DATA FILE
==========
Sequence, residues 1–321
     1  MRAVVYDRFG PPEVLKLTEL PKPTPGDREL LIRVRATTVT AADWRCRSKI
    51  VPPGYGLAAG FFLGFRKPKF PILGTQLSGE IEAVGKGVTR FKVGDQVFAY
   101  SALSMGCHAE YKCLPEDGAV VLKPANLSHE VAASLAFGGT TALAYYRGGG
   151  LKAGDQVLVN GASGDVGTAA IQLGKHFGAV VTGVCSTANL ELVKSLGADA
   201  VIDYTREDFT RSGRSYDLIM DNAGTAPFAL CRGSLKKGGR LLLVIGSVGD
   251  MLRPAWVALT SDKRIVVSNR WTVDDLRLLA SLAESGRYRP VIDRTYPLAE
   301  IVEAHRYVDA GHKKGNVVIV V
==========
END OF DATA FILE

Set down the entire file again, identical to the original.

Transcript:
Sequence, residues 1–321
     1  MRAVVYDRFG PPEVLKLTEL PKPTPGDREL LIRVRATTVT AADWRCRSKI
    51  VPPGYGLAAG FFLGFRKPKF PILGTQLSGE IEAVGKGVTR FKVGDQVFAY
   101  SALSMGCHAE YKCLPEDGAV VLKPANLSHE VAASLAFGGT TALAYYRGGG
   151  LKAGDQVLVN GASGDVGTAA IQLGKHFGAV VTGVCSTANL ELVKSLGADA
   201  VIDYTREDFT RSGRSYDLIM DNAGTAPFAL CRGSLKKGGR LLLVIGSVGD
   251  MLRPAWVALT SDKRIVVSNR WTVDDLRLLA SLAESGRYRP VIDRTYPLAE
   301  IVEAHRYVDA GHKKGNVVIV V